Articles: Graphics
 

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Testbed and Methods

To investigate the performance of contemporary graphics accelerators in Battlefield: Bad Company 2 we put together the following testbed:

  • Intel Core i7-975 Extreme Edition processor (3.33 GHz, 6.4 GT/s QPI);  
  • Scythe SCKTN-3000 Katana 3 CPU cooler;
  • Gigabyte GA-EX58-Extreme mainboard (Intel X58 chipset)
  • Corsair XMS3-12800C9 (3 x 2 GB, 1333 MHz, 9-9-9-24, 2T);
  • Samsung Spinpoint F1 HDD (1 TB / 32 MB, SATA II);
  • Ultra X4 850 W Modular power supply;
  • Dell 3007WFP monitor (30", 2560x1600 @ 60 Hz max display resolution);
  • Microsoft Windows 7 Ultimate 64-bit;
  • ATI Catalyst 10.2 for ATI Radeon HD;
  • Nvidia GeForce 196.75 WHQL for Nvidia GeForce.

The graphics card drivers were set up to deliver the highest possible quality of texture filtering and to minimize the effect of software optimizations used by default. We enabled transparent texture antialiasing. As a result, our ATI and Nvidia driver settings looked as follows:

ATI Catalyst:

  • Smoothvision HD: Anti-Aliasing: Use application settings/Box Filter
  • Catalyst A.I.: Standard
  • Mipmap Detail Level: High Quality
  • Wait for vertical refresh: Always Off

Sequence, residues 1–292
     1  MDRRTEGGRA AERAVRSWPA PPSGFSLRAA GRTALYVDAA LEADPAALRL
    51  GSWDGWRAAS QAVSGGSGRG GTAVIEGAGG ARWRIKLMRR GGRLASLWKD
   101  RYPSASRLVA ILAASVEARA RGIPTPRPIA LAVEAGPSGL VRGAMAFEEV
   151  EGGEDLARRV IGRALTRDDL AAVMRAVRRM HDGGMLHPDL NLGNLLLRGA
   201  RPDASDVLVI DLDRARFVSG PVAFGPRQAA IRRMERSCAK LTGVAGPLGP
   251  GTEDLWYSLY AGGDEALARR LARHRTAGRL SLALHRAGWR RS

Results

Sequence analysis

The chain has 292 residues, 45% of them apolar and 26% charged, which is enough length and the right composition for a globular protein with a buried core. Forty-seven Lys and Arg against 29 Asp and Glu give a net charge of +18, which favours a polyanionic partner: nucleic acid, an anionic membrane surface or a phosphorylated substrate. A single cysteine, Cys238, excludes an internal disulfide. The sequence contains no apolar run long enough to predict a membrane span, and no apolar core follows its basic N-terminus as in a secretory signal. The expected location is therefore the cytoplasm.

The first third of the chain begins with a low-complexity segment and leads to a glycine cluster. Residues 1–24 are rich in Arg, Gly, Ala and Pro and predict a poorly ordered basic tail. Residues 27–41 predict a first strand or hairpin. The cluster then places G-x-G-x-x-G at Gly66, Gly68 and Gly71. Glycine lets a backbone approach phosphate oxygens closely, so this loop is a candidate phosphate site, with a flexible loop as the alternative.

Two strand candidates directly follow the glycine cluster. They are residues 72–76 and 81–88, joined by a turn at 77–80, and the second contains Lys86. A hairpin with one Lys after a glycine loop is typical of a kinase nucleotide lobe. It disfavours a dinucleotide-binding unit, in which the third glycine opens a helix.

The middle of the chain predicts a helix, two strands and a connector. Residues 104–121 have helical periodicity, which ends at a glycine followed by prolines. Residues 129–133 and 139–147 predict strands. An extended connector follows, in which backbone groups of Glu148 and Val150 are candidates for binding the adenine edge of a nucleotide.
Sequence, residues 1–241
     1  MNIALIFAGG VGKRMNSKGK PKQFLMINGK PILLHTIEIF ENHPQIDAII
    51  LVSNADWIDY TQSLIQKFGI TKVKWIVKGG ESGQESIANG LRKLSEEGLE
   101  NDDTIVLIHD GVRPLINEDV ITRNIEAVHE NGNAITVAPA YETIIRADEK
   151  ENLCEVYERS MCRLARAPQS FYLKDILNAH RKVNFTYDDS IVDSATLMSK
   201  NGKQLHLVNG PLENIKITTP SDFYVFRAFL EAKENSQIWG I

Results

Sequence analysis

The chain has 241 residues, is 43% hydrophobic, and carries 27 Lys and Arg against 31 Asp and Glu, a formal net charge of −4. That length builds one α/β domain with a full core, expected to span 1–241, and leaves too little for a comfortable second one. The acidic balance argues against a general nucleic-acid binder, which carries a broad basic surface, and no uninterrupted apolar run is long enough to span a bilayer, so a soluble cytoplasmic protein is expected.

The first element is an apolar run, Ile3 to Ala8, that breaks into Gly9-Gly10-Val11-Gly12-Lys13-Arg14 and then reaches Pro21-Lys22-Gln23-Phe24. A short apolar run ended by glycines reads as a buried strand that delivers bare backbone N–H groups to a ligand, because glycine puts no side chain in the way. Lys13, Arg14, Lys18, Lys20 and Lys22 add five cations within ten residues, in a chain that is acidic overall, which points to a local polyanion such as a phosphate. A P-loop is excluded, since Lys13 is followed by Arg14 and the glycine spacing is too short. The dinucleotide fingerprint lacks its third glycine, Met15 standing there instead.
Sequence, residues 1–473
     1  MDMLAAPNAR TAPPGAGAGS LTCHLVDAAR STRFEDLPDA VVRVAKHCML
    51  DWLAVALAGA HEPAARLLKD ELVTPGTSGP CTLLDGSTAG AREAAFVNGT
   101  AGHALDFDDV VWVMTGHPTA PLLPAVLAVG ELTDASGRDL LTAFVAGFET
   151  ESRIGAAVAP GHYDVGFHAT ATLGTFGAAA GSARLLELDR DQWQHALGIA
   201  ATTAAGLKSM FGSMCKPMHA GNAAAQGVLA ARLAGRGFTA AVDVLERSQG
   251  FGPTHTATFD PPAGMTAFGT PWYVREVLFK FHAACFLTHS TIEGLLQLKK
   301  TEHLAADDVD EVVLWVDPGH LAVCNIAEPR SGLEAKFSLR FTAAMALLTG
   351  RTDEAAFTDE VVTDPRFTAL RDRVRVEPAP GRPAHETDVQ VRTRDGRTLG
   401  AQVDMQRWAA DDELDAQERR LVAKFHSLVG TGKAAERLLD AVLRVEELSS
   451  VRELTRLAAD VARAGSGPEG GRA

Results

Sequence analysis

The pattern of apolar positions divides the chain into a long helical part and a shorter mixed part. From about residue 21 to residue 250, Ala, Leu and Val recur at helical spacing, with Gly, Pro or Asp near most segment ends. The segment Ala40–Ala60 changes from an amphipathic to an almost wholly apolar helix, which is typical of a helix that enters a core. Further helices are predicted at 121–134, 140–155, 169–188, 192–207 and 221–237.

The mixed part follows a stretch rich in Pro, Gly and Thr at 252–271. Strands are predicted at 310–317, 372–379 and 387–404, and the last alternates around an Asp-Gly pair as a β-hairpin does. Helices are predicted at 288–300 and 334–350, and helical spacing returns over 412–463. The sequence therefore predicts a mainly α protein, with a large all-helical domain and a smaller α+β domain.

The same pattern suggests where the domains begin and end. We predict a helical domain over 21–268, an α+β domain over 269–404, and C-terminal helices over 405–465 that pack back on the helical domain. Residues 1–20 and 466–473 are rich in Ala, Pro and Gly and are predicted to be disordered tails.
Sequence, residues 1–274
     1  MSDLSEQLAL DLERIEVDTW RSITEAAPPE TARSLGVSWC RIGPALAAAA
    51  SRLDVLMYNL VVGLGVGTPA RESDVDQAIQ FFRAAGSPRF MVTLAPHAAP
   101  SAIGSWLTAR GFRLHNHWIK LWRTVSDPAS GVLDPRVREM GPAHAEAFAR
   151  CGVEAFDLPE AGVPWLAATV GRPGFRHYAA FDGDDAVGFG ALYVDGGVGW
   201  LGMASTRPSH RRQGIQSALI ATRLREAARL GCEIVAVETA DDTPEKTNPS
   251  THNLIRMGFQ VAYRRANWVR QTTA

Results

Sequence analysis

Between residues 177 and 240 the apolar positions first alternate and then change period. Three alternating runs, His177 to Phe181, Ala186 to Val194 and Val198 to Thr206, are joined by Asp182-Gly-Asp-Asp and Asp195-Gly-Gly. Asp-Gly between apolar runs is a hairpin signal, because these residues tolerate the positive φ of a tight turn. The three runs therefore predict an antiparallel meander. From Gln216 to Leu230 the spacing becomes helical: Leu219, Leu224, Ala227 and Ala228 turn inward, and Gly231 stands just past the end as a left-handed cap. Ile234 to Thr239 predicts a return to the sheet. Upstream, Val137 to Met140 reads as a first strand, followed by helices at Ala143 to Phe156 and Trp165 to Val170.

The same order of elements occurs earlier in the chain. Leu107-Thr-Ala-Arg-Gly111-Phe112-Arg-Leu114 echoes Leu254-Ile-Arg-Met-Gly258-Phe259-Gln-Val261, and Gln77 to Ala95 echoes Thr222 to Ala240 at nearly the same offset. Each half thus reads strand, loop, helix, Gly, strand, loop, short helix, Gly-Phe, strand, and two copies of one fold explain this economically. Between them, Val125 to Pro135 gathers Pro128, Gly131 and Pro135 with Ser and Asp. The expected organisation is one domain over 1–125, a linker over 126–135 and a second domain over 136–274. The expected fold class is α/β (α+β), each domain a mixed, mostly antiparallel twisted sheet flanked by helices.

• Enable Adaptive Anti-Aliasing: On/Quality
  • Other settings: default

Nvidia GeForce:

  • Texture filtering – Quality: High quality
  • Texture filtering – Trilinear optimization: Off
  • Texture filtering – Anisotropic sample optimization: Off
  • Threaded optimization: Auto
  • Vertical sync: Force off
  • Antialiasing - Gamma correction: On
  • Antialiasing - Transparency: Multisampling
  • Multi-GPU performance mode: NVIDIA recommended
  • Multi-display mixed-GPU acceleration: Multiple display performance mode
  • Set PhysX GPU acceleration: Enabled
  • Ambient Occlusion: Off
  • Other settings: default

14 modern graphics cards participated in our today’s performance test session. They can be split in three categories according to their price:

Premium/High-End category:

  • ATI Radeon HD 5970
  • ATI Radeon HD 5870
  • Nvidia GeForce GTX 295
  • Nvidia GeForce GTX 285

Performance-Mainstream category:

  • ATI Radeon HD 5850
  • ATI Radeon HD 5770
  • Nvidia GeForce GTX 275
  • Nvidia GeForce GTX 260

Mainstream category:

  • ATI Radeon HD 5750
  • ATI Radeon HD 5670
  • ATI Radeon HD 5570
  • Nvidia GeForce GTS 250
  • Nvidia GeForce GT 240
  • Nvidia GeForce GT 220

We ran the tests in all resolutions including 2560x1600, but only for the first category. Mainstream solutions were tested in the two lowest resolutions.

Battlefield: Bad Company 2 can’t boast extensive list of fine tuning options. Whatever is available looks as follows:

Swedish game designers decided to pursue minimalistic approach to fine tuning the graphics settings as seen in the table above. We decided to use a number of modes for our comparative testing, including the most resource hungry with FSAA set at 4 samples and Horizon-Based Ambient Occlusion (HBAO) Enabled. Battlefield: Bad Company 2 doesn’t have any built-in benchmarking tools, therefore we used Fraps utility version 3.1.2 in the manual mode to record the average and minimal fps rate. As usual, to minimize the measuring error, we took the average result of three combined runs for further analysis.

 
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